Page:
Kuru is a very rare, incurable neurodegenerative disorder that was formerly common among the Fore people of Papua New Guinea. Kuru is caused by the transmission of abnormally folded prion proteins, which leads to symptoms such as tremors, loss of coordination, and neurodegeneration.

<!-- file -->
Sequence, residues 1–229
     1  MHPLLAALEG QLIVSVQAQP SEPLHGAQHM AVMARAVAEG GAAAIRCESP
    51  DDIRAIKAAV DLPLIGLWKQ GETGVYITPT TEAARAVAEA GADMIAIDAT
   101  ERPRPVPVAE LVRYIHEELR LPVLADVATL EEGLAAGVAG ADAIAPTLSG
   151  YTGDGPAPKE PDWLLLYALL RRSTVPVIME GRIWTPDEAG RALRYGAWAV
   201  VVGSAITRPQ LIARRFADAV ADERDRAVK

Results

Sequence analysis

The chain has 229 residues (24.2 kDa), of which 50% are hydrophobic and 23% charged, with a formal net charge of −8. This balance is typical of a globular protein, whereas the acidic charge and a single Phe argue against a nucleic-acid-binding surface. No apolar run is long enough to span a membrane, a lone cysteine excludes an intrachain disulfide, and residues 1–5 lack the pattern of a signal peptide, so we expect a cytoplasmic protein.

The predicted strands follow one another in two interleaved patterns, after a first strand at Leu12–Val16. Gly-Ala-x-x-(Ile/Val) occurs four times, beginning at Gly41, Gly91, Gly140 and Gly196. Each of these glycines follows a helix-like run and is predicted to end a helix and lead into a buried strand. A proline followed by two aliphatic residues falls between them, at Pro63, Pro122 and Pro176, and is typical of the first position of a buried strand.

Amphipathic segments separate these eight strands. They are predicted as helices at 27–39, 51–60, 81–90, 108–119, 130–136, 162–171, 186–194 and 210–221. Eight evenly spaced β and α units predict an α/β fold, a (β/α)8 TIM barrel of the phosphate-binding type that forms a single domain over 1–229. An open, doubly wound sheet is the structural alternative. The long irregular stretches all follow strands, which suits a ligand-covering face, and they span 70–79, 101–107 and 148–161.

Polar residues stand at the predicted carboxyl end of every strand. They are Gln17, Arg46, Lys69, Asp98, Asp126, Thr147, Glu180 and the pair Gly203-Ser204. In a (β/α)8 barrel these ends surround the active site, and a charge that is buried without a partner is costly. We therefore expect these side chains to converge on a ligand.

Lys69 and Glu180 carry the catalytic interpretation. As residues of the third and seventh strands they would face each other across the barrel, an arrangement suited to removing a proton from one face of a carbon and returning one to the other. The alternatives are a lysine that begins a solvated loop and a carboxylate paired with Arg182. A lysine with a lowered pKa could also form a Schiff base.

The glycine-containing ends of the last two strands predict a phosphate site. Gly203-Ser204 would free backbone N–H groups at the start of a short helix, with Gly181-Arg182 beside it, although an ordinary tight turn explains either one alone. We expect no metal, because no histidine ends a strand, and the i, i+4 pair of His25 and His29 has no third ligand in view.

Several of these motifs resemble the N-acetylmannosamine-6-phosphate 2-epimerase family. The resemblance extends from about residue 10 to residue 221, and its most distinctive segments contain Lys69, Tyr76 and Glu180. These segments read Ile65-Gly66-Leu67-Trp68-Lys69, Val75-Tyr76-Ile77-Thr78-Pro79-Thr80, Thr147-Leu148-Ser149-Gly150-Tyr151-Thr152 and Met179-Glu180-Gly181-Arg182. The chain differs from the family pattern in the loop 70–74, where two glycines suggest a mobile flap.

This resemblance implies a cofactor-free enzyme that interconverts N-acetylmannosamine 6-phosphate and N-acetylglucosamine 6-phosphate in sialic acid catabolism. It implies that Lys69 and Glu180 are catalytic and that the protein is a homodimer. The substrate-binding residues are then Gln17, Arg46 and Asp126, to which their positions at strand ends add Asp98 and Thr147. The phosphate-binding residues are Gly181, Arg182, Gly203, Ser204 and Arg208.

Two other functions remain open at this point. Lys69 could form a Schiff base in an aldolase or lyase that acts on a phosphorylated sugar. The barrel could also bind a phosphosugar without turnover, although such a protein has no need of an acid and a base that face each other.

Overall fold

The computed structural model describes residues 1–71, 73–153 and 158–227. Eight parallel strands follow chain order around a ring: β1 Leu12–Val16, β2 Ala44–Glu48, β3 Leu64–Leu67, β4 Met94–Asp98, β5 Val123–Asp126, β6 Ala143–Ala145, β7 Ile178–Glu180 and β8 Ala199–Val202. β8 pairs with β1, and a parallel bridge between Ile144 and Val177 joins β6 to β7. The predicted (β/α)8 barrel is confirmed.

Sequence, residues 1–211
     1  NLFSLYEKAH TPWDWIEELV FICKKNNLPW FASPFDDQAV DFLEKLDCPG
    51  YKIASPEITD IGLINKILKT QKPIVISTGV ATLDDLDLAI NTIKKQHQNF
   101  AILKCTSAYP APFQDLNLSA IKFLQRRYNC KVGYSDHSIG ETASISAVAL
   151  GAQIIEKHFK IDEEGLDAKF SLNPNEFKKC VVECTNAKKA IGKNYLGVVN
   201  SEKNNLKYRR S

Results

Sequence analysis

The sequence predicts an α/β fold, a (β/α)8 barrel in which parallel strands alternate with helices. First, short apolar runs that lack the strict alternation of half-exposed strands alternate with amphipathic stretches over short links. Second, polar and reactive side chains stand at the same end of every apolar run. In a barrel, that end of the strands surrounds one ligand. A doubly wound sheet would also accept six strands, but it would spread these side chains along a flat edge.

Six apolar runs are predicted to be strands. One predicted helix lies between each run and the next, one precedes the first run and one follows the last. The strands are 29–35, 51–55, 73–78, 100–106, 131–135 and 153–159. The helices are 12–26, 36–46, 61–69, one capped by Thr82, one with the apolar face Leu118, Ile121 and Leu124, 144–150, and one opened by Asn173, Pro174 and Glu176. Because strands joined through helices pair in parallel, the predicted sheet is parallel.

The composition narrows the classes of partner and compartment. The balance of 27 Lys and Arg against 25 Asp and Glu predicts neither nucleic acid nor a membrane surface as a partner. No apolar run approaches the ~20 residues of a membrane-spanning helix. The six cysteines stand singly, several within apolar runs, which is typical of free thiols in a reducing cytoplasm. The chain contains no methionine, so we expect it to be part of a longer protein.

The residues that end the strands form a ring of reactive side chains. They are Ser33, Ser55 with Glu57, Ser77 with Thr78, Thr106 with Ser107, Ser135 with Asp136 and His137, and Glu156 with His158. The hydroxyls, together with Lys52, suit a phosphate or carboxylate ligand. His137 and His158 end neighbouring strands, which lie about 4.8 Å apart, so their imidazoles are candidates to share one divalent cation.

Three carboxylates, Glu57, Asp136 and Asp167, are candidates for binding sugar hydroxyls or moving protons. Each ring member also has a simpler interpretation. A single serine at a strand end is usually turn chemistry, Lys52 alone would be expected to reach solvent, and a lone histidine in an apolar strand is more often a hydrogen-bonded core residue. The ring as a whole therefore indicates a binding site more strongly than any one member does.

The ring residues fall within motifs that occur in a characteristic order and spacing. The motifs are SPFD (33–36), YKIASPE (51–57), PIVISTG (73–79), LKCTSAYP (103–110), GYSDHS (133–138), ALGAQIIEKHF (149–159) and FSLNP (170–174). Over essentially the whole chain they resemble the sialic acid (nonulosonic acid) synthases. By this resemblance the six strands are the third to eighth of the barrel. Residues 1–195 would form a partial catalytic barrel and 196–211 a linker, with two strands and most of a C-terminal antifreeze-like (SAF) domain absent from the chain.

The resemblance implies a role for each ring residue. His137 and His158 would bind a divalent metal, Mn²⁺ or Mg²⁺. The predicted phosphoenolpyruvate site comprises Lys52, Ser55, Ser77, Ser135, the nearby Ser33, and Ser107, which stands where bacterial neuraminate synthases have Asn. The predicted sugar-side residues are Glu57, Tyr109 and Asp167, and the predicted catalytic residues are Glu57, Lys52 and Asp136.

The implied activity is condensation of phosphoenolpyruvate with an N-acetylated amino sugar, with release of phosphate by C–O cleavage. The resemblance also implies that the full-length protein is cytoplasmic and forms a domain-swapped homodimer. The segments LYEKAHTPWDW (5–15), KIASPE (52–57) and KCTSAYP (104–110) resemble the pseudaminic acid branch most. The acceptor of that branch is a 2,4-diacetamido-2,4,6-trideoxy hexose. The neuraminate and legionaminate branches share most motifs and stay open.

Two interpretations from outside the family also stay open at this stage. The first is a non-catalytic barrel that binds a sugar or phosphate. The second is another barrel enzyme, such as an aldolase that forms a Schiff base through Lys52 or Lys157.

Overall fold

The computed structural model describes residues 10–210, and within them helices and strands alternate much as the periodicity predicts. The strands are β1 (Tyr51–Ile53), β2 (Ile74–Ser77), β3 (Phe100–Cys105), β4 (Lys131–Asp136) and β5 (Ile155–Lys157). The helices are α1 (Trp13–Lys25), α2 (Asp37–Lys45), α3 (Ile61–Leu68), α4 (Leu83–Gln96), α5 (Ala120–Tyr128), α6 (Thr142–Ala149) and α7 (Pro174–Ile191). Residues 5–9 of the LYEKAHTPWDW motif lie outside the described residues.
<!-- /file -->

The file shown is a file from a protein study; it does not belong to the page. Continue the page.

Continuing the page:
The term kuru derives from the Fore word kuria or guria (“to shake”), due to the body tremors that are a classic symptom of the disease and kúru itself means “trembling”. It is also known as the “laughing sickness” due to the pathologic bursts of laughter which are a symptom of the disease. It is now widely accepted that kuru was transmitted among members of the Fore tribe of Papua New Guinea via funerary cannibalism. Deceased family members were traditionally cooked and eaten, which was thought to help free the spirit of the dead. Women and children usually consumed the brain, the organ in which infectious prions were most concentrated, thus allowing for transmission of kuru. The disease was therefore more prevalent among women and children. (source)
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